ABOVE: 1LT John G. O'Brien, of Headquarters Co, 2 Bn,
32nd Armored Regiment, (arrow) receives gratitude from camp victims
for their surprise liberation on that day in mid-April, 1945.
On the 3AD advance between Nordhausen and Dessau, O'Brien and
a platoon of Sherman tanks from 2 Bn, 32nd AR, had pulled off
into the small town of Quellendorf and discovered, by accident,
a small fenced-in camp of about 500 prisoners. Most of them were
Russian and Polish civilians.
The camp had been deserted by its German guards, and the prisoners
were left confused and fearful, and without food. The sudden
arrival of strange new tanks and troops did nothing to ease that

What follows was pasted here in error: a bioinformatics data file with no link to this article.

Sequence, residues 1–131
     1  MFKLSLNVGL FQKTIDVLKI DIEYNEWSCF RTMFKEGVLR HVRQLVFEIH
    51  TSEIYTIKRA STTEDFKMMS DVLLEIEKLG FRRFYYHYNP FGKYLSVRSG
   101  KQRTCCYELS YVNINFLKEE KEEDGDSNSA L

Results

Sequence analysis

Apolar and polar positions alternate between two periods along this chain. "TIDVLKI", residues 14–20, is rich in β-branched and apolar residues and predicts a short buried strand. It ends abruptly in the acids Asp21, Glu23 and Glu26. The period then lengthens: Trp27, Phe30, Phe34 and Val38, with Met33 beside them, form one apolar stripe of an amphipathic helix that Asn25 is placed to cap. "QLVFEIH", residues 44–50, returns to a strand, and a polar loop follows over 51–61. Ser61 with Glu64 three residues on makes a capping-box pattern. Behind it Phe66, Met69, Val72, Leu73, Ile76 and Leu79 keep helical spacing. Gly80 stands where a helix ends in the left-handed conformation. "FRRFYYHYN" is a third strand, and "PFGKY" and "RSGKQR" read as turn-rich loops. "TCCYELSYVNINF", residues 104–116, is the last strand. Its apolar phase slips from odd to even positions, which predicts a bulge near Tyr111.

fear, which was not helped by the fact that none of the prisoners
spoke English. Finally, the unbelievable truth set in that these
were actually American soldiers, and, with what energy they had
left, a celebration began.
O'Brien recalls that there was a wide diversity in the physical
condition and clothing of the prisoners. While there were no
dead bodies lying about, such as seen in Nordhausen, there were
clearly men who were sick and starving. On the other hand, others
seems fairly well feed. Some wore striped prison "pajamas,"
while others were almost neatly dressed in sweaters and jackets.
But before O'Brien or his unit could get to understand what the
camp was about, war beckoned, and the 32nd AR was on the move
again. The camp would be left for rear forces of 7th Corps and
the First Army to sort out.
O'Brien remained with the 3rd Armored Division for its occupation
role after war's end, and, then as a Captain, was present at
the ceremonies on a dark and rainy day, as he recalls, when Spearhead
was formally deactivated at VI Corps headquarters garrison at
Aalen, Germany, east of Stuttgart. Today John lives in Kennsington,